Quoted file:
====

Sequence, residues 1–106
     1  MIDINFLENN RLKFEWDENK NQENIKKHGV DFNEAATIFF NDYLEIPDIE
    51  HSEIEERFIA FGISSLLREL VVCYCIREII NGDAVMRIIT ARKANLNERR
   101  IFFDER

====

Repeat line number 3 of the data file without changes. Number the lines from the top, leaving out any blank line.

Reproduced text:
    51  HSEIEERFIA FGISSLLREL VVCYCIREII NGDAVMRIIT ARKANLNERR